However, anyone anywhere can find themselves having problems with gambling, with any amount of money. You don’t know it’s going to be a problem until it is one. If it’s causing you problems, do seek help immediately. It is not your fault, and you can get expert help – it’s not something you have to try to sort on your own.

spotting the signs that someone needs help

At the Gambling Support Service at the Citizens Advice Bureau, we train front-line workers on how to identify the signs that a person is affected by gambling harms and needs support. These signs are not always visible or physical, but look out for:
  • Declined credit
  • Missing work, school, college or university for no apparent reason
  • Becoming worried, or agitated, or upset for no apparent reason
  • Falling behind in rent and essential bills – perhaps into long-term arrears
  • Unexplained expenditure
  • Household valuables going missing – potentially being pawned off for money
  • Erratic payments

Gambling harms can have huge impacts on a person’s life and can also affect their friends and family too. For each person who has a gambling problem within the United Kingdom, there are, on average, up to eight other people who are affected by the harms. Tragically, around one suicide every day in the UK is due to gambling problems.

If you notice the signs that someone may be affected by gambling harms, you can start a vital dialogue with them and discuss their options for advice and support. 

recovery support

For recovery support, the Citizens Advice Gambling Support Service recommends these organisations:

Gamcare provides information, advice, support and treatment for anyone affected by gambling harms, and runs the National Gambling Helpline, plus centres in Edinburgh, Glasgow and North/South Lanarkshire. The Helpline number is 0808 8020 133 (free, 24 hour) or you can use their live chat or messaging services.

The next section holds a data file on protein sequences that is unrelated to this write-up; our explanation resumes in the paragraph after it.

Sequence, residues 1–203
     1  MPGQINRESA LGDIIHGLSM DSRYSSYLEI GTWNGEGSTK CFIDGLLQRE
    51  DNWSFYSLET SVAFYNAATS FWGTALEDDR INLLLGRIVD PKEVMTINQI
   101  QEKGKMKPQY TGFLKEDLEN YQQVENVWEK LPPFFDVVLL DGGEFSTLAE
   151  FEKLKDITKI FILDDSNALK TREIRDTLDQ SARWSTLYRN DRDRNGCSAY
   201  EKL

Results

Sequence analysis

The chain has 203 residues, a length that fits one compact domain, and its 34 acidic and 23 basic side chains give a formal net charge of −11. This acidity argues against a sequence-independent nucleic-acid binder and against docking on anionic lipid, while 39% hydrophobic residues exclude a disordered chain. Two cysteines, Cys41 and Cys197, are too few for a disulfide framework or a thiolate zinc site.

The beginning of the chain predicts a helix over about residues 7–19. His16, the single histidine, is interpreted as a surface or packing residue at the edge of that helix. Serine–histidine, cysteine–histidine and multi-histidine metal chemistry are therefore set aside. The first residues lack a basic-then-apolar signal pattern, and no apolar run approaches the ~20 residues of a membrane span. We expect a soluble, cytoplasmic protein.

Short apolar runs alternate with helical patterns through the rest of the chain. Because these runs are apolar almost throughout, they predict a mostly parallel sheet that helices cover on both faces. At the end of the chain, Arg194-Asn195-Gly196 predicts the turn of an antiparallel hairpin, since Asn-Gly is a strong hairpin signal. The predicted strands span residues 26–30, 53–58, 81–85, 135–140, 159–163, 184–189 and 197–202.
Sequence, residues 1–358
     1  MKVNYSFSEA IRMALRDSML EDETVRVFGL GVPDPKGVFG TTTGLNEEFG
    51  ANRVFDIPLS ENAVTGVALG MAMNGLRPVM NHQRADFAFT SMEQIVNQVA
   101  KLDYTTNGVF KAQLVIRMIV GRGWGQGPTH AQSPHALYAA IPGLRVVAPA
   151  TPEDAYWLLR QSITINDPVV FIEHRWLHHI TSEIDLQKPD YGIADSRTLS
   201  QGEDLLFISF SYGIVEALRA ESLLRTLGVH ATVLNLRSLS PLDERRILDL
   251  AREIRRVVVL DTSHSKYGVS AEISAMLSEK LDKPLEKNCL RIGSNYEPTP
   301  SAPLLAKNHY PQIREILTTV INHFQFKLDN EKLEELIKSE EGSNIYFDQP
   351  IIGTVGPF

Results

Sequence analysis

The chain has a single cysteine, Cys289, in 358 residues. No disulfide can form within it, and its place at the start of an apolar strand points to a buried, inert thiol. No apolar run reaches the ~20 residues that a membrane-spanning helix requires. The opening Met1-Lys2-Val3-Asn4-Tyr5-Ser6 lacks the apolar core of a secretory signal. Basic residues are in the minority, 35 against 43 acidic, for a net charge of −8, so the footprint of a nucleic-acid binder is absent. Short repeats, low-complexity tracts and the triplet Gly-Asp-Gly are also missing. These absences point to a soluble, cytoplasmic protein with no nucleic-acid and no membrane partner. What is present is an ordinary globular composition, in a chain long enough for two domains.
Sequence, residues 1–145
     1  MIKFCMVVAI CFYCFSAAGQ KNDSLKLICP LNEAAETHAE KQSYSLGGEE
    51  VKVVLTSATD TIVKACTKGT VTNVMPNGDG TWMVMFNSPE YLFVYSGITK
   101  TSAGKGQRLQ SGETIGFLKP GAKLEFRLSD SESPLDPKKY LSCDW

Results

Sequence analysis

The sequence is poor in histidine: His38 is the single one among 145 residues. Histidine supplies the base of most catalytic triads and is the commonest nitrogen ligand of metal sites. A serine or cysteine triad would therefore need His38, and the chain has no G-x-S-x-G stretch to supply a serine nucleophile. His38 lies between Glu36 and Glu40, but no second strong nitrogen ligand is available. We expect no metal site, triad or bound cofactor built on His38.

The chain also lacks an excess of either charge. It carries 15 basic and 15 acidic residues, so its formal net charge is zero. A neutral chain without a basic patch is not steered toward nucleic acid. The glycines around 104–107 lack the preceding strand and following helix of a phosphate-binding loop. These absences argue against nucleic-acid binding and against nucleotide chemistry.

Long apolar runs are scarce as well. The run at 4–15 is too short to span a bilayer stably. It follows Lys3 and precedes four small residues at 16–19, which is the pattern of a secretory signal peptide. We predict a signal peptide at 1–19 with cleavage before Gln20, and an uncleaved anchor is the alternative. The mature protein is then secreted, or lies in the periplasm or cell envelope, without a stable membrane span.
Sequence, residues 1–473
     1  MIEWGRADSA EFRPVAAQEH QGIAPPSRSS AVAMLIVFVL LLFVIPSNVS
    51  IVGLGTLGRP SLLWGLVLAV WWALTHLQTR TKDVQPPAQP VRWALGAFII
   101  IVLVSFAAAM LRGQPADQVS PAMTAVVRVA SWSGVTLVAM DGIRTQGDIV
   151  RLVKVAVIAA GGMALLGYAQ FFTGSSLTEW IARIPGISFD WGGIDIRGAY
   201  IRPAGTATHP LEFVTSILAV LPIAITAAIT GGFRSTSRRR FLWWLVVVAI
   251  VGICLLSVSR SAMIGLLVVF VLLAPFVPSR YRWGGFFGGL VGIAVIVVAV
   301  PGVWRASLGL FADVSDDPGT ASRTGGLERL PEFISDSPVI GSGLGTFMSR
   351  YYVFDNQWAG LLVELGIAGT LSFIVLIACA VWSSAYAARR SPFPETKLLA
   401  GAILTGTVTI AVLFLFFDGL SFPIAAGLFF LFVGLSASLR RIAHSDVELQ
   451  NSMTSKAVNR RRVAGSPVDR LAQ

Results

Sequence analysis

RCA Trust
RCA Trust provides a helpline, group support, advice and information and counselling for gambling-related harms, among other services.

Gordon Moody
Provides residential and community-based treatment and support services.

These three organisations are part of the National Gambling Treatment Service – a network of organisations who work together to provide confidential treatment and support for anyone experiencing gambling-related harms.

training support

The Citizens Advice Scotland Gambling Support Service is funded by GambleAware to deliver training and awareness raising on gambling harms. Our staff deliver free training to organisations on how identify and support those who may be experiencing gambling related harms. This equips staff and volunteers with the skills and tools to support and signpost people to specialist gambling help. Training can be delivered online or in person. Please contact us via email to arrange a session:
This article is by Kevin Connor, Training & Engagement officer for the Citizens Advice Gambling Support Service. If you have any questions for Kevin, you can get in touch via
You can also speak to any counsellor here at The Next Chapter about gambling and gambling-related harms. This type of counselling can help you understand what’s going on for you, and how to reconnect with the life you want. In addition, we’ve put together this book list for information, advice and recovery stories…

All book links take you to our pages on Bookshop – the platform for independent bookshops.

We are a not-for-profit bookshop. Buying books from these links supports our work to provide low-cost counselling and other wellbeing services, so your book contributes to your wellbeing (we hope) and to others’ too.

Please email if you have any questions about the books or would like to get some personalised recommendations.

~ Kate MacDougall, centre co-ordinator and bibliotherapist